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Cousin of man being held hostage by Hamas calls for ceasefire, as he accuses Israeli government of ‘failing' its people
24 October 2023, 18:30 | Updated: 24 October 2023, 18:33
Ben Kentish speaks to cousin of Israeli hostage kidnapped by Hamas
A man whose cousin is being kept hostage by Hamas has called for a ceasefire in Gaza, as he said civilian lives need to be made a "priority".
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Udi Goren, the cousin of Tal Haimi who was kidnapped by Hamas, has said that “more bloodshed” will not resolve the war.
Speaking to LBC’s Ben Kentish, Mr Goren said: “The difference between us and Hamas is that we emphasise the dignity and human lives of every civilian in our country.
“Refusing a ceasefire means we are negating this idea.”
It comes after two more hostages were released by Hamas on Monday evening, bringing the total number of hostages freed up to four.
Nurit Cooper, 79, and Yocheved Lifshitz, 85, two Israeli women, were released on grounds of poor health, Hamas said. Their husbands are still being held hostage.
Some 200 people are still being held captive by Hamas, including six Brits, after Hamas launched a surprise attack on Israel on October 7.
Mr Goren continued: “As a western democracy can you even imagine the UK asking civilian families or hostages of people from the UK to just sacrifice their lives for any cause, for the government who has failed us so miserably in this attack?”
“At this point we are on the offensive. Right now the situation is contained and we have the upper hand, and it is up to us to decide where this is going to go.”
He hit out at the Israeli government, as he added: “If this war continues they are making a moral statement and that says: we are not putting civilian lives as first priority.
“Israeli civilian lives, I’m not even talking about Gaza, and I believe the civilians in Gaza have suffered so tremendously. I don’t think it’s right or moral or even in our own benefit to continue this shelling when the death toll is so high.”
He also said he felt hostages should be more central to the conversation, rather than “just whether or not are we going to kill more Gazans and whether we are going to annihilate Hamas or not”.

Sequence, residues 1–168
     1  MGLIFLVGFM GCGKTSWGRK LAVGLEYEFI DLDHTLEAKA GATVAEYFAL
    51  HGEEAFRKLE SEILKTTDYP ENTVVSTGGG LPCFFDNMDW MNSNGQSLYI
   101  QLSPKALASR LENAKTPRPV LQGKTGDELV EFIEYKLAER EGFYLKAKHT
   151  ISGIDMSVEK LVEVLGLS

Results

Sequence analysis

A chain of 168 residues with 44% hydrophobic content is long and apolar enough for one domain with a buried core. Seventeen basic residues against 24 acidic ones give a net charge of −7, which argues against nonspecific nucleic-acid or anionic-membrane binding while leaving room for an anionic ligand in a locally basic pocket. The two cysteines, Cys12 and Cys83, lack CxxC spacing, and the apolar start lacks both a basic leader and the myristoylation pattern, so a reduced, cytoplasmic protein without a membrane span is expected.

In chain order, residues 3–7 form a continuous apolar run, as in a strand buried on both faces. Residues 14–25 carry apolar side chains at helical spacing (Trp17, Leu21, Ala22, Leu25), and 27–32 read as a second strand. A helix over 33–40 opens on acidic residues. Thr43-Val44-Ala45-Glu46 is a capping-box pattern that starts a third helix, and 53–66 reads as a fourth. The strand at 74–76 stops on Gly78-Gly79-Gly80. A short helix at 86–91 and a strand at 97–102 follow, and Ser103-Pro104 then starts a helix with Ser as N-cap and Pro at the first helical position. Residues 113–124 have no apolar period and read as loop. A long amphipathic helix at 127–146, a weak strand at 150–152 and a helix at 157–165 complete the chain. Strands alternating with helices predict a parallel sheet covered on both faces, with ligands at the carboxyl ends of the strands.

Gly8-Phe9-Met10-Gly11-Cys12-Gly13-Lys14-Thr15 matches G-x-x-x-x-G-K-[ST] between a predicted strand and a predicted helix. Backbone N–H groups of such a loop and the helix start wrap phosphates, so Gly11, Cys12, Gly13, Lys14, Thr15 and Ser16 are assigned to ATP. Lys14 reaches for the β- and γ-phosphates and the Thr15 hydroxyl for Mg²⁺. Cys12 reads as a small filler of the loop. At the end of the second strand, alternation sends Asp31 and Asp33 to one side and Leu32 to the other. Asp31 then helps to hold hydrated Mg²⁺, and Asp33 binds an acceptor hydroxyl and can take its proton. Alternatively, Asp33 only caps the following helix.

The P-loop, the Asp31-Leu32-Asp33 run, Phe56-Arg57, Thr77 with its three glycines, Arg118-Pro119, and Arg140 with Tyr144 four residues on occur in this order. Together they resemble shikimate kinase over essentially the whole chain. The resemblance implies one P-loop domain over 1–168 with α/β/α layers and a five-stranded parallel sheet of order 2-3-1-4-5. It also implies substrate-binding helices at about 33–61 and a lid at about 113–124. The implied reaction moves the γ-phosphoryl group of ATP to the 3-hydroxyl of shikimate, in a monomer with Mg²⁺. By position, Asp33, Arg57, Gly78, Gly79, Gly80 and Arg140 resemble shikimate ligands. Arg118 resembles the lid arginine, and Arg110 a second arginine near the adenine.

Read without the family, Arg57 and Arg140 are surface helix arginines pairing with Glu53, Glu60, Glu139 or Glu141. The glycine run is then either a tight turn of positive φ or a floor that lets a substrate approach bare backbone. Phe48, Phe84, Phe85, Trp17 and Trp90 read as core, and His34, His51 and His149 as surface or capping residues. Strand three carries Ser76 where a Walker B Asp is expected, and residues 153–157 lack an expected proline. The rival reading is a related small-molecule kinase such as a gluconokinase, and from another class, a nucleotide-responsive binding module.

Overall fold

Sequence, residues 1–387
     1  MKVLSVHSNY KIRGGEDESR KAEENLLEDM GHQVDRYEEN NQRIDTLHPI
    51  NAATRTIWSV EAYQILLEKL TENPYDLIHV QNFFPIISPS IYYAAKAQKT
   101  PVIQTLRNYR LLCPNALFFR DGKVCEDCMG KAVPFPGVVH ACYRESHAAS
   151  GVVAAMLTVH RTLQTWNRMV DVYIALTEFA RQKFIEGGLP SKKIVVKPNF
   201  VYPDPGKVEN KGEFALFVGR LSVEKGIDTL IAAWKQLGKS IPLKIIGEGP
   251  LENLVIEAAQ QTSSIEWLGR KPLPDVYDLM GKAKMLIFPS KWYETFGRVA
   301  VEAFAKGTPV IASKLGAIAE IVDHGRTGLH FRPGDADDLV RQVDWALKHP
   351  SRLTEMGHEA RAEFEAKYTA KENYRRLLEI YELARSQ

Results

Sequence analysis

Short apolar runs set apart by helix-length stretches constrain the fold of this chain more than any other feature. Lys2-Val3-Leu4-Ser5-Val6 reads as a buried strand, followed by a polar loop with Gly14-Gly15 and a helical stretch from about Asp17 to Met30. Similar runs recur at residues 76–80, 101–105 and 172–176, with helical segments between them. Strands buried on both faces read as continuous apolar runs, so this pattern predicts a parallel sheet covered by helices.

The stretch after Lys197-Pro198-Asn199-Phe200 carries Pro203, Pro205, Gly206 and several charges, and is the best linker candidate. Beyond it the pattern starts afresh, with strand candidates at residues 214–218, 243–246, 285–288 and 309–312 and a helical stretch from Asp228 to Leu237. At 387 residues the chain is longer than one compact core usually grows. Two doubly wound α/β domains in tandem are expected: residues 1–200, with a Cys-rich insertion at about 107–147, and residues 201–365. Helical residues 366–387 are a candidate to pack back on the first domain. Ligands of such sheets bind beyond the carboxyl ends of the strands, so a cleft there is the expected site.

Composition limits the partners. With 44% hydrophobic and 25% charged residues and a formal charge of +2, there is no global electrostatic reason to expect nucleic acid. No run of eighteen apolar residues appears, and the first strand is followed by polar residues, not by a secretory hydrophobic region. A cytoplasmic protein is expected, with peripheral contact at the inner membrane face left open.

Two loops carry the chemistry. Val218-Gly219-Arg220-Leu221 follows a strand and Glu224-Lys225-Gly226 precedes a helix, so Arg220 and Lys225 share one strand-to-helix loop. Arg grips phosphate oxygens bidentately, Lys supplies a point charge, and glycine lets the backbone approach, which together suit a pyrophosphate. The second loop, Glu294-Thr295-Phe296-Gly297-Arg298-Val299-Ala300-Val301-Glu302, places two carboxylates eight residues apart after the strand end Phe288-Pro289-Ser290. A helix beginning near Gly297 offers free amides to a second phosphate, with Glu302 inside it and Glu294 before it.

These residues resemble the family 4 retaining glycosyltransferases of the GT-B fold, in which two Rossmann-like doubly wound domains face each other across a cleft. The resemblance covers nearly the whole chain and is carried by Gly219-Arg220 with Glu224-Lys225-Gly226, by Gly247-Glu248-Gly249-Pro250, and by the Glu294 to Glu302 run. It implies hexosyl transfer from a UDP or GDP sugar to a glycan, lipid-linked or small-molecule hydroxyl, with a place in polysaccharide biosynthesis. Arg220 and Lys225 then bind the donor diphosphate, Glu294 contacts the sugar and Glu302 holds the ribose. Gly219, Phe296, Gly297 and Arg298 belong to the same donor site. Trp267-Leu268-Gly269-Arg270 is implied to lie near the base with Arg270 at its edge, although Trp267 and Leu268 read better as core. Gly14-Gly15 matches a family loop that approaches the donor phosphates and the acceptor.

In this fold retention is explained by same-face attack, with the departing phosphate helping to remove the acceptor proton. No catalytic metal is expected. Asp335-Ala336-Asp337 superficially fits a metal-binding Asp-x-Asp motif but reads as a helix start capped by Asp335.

Mr Goren expressed concern that the continued bombardment of Gaza could alter Israel's reputation historically, as he said: "At first the entire world was on our side, and right now it’s not. And if what comes out of this war, is that the world would remember that this war is about Israel annihilating Gaza and killing thousands of civilians, we have lost the world support in that alone."
It comes after countries across the world held pro-Palestine marches on the weekend, calling for a ceasefire of the war.
“What should come first is defending civilian lives,” he added.
“We have 200 that we can save, 200 families that will be spared this tragedy, this misery, this agony that they have already suffered because of the loss in their communities.
“I have no faith that there will be any resolution with more bloodshed.
“No war, no bomb, no violence has led to anything but more violence and that’s the way that these national conflicts work. “There is a way to resolve it and violence will not be it.”
It comes as the death toll in Gaza from Israeli airstrikes has reportedly risen above 5,000.
In Israel, at least 1,400 people have been killed since the October 7 attack.
Israel is expected to soon launch a ground invasion on Gaza, although it remains unclear exactly when this will be.